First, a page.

Apathy Leads To Voting Confusion

Two youngsters view Lou Gehrig’s Hall of Fame plaque in 1941. AP photo

Without any notice, the Baseball Writers Association of America (BWAA) has relocated to Palm Beach County, Fla., the land of sunshine, early bird buffets and enough hanging chads to bewilder the most ardent Matlock fan.

To avoid confusion, the reference is to the TV series starring Andy Griffith and not the four-time National League batting champion.

Which is a bit strange, I admit, since this discussion of Hall of Fame voting teeters on such players as Bill Madlock, and not a geriatric criminal defense attorney who was the hero of everyone old enough to qualify for the Denny’s Senior French Toast Slam in the late 1980s.

And, yes, Palm Beach County was one of four counties whose voting irregularities sent the 2000 presidential election to the Supreme Court.

Now that we are all caught up, the eligibility of Barry Bonds and Roger Clemens seems to have confused more Hall of Fame voters than an electronic tip calculator.

The two biggest names on the ballot also were the two biggest names of the steroid era.

And while Mark McGwire’s transgressions have virtually guaranteed his exclusion from the list of inductees, Bonds and Clemens scored enough votes to project forgiveness sometime around 2020.

That’s fine.

McGwire was a one-tool player, and Sammy Sosa a mediocre line-drive hitter who suddenly discovered a power stroke.

Bonds and Clemens, whether you like them or not, had unquestioned talent and the statistics to warrant induction. And it will happen, eventually.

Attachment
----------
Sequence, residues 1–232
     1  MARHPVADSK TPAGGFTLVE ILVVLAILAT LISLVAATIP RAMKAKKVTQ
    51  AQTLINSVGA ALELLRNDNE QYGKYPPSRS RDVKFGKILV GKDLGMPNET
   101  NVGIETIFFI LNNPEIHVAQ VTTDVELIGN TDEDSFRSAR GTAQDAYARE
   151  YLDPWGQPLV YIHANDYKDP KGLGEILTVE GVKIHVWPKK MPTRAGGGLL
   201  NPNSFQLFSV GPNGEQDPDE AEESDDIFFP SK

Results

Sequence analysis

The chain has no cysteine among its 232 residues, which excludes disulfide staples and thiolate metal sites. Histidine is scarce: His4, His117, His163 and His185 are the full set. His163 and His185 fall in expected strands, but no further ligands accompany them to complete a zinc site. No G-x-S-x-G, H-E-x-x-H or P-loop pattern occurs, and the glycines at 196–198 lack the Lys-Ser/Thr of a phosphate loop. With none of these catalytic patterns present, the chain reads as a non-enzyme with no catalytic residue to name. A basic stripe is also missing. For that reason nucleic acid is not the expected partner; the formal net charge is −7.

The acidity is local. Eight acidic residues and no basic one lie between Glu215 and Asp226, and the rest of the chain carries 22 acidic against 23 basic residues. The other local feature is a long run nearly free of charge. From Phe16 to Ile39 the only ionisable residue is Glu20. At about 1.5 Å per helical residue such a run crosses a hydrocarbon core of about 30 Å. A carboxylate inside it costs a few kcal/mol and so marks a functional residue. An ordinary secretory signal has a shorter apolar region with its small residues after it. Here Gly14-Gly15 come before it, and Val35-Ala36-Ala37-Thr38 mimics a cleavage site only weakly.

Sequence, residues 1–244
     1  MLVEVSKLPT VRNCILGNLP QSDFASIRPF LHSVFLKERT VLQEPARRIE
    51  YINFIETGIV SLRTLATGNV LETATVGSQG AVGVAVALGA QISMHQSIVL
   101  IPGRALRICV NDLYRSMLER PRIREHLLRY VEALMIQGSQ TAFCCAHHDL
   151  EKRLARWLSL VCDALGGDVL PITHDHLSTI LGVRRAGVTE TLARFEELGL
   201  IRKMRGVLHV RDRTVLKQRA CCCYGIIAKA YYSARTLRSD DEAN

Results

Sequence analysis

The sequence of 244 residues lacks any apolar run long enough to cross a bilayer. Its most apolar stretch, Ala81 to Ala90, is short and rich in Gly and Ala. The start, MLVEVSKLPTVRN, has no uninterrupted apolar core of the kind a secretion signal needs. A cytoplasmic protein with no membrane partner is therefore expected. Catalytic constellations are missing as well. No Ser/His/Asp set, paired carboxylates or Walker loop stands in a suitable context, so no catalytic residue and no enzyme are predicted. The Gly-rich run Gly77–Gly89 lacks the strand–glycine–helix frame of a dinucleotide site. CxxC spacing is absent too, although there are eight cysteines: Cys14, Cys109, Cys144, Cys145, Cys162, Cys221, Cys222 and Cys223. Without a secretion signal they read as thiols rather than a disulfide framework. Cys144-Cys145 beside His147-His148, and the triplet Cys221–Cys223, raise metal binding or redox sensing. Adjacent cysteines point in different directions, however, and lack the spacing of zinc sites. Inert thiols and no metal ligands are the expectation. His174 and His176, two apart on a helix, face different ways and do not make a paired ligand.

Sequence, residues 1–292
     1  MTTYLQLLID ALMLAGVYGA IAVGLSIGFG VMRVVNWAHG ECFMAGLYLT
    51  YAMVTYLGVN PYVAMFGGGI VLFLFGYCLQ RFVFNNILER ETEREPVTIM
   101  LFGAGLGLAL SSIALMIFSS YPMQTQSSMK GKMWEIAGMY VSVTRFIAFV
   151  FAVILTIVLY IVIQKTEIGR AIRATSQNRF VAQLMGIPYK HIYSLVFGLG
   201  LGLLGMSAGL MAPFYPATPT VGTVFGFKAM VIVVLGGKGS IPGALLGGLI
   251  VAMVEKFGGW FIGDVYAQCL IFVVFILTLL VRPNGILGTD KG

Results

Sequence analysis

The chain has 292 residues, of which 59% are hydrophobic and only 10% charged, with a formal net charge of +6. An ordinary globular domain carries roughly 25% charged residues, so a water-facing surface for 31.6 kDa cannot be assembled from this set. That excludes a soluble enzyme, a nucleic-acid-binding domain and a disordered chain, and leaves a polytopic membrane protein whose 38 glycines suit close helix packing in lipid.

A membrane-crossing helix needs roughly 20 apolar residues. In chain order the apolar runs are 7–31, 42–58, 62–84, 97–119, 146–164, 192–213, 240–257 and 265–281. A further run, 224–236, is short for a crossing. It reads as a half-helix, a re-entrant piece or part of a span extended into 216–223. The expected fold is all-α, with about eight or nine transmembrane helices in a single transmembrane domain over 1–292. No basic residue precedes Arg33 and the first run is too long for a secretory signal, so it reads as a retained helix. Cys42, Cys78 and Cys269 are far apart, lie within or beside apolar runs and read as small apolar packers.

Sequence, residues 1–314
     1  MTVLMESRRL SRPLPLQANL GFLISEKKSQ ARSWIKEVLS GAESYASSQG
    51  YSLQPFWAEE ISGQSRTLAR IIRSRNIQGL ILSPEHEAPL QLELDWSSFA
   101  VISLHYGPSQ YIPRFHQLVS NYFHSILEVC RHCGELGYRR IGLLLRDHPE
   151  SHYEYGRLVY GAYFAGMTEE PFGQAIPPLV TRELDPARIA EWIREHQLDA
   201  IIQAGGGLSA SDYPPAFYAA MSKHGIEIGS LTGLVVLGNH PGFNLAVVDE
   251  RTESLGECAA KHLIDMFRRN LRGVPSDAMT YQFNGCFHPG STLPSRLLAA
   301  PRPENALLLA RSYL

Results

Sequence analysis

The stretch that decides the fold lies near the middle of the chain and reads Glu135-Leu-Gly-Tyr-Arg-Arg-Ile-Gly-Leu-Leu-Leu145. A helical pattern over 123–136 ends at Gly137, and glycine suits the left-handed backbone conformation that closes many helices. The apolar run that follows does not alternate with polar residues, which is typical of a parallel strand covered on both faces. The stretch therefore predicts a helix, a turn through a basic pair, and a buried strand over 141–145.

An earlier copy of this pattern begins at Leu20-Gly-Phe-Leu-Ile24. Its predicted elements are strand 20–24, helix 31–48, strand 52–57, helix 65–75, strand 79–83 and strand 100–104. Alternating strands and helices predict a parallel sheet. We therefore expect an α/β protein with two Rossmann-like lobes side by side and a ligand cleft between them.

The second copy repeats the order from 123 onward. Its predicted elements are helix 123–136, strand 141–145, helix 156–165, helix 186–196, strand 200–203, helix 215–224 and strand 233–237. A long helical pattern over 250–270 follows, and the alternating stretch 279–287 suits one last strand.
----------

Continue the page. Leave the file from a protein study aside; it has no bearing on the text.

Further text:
The problem is that with these two mucking up so many ballots, the members couldn’t figure out a way to spread around the remaining votes among the close-but-no-cigar boys or the clearly deserving.

A year ago Jack Morris got 66.7 percent of the vote. This year, with two more candidates smeared by allegations of performance-enhancing drug use (bringing the total to five with Bonds, Clemens, Sosa, McGwire and Rafael Palmeiro), the winningest pitcher of the Matlock era could muster only an additional 1 percent of the vote.

Jeff Bagwell, in his third year of eligibility, gained just 3.6 percent of the vote, even though Palmeiro himself lost nearly the identical amount (3.8). Others who saw their candidacy further restricted were Don Mattingly (27 fewer votes), Alan Trammell (20), Fred McGriff (19) and Lee Smith (18).

Craig Biggio, with 3,060 hits, 414 stolen bases, 291 home runs and four Gold Gloves in a year bereft of clear inductees, still came up 39 votes shy even though his Hall of Fame monitor – a statistical calculation created by Bill James to measure likelihood of induction – was 49 points higher than last year’s sole inductee, shortstop Barry Larkin.

Mike Piazza, who had the third highest HOFm among eligible candidates and was history’s greatest-hitting catcher, came up 98 votes (or 17.2 percent) shy of confirmed greatness.

The BWAA website lists the ballots of 124 members who were either brave enough or ethical enough to publicly stand behind their votes.

BWAA rules do not require voters to publish their responses, and because of this, 445 ballots remain hidden from view and public accountability. This is fine when voting in public elections, but it sets a bad precedent for a museum that is not only tasked with honoring the sport’s very best, but, more important, to document the game’s history, whether good or bad.

Eventually, all that is cloudy will become clear.

With Tom Glavine, Frank Thomas and Greg Maddux on next year’s ballot, Morris’ chances of finally breaking through are over. Biggio is a good bet for 2014, and Piazza, who many just assume must be guilty of something, will be enshrined within the next five years, as will Bagwell.

Glavine, Thomas and Maddux are locks, Tim Raines will come to the wire, Lee Smith will languish near 35 percent and Palmeiro and Sosa will be dropped within three years for falling below 5 percent of the vote.

Play ball!